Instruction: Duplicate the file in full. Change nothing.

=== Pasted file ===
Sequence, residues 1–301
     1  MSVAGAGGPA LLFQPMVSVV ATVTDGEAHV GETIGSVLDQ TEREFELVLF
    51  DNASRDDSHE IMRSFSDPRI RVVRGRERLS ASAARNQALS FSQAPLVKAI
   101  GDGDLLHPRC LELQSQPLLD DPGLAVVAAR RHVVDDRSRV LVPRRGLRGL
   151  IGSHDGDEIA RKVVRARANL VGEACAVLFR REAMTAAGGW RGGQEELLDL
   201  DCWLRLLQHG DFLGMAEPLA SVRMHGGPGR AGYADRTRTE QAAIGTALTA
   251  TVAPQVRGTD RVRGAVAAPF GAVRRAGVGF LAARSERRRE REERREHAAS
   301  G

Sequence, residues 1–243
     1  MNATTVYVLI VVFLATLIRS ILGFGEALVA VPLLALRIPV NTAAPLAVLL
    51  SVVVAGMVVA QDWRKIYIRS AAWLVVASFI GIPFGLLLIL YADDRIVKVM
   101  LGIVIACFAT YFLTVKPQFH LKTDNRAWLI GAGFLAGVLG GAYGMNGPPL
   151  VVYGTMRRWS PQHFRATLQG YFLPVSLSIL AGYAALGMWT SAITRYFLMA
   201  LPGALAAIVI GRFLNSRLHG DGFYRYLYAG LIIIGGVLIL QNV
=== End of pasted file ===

Sequence, residues 1–301
     1  MSVAGAGGPA LLFQPMVSVV ATVTDGEAHV GETIGSVLDQ TEREFELVLF
    51  DNASRDDSHE IMRSFSDPRI RVVRGRERLS ASAARNQALS FSQAPLVKAI
   101  GDGDLLHPRC LELQSQPLLD DPGLAVVAAR RHVVDDRSRV LVPRRGLRGL
   151  IGSHDGDEIA RKVVRARANL VGEACAVLFR REAMTAAGGW RGGQEELLDL
   201  DCWLRLLQHG DFLGMAEPLA SVRMHGGPGR AGYADRTRTE QAAIGTALTA
   251  TVAPQVRGTD RVRGAVAAPF GAVRRAGVGF LAARSERRRE REERREHAAS
   301  G

Sequence, residues 1–243
     1  MNATTVYVLI VVFLATLIRS ILGFGEALVA VPLLALRIPV NTAAPLAVLL
    51  SVVVAGMVVA QDWRKIYIRS AAWLVVASFI GIPFGLLLIL YADDRIVKVM
   101  LGIVIACFAT YFLTVKPQFH LKTDNRAWLI GAGFLAGVLG GAYGMNGPPL
   151  VVYGTMRRWS PQHFRATLQG YFLPVSLSIL AGYAALGMWT SAITRYFLMA
   201  LPGALAAIVI GRFLNSRLHG DGFYRYLYAG LIIIGGVLIL QNV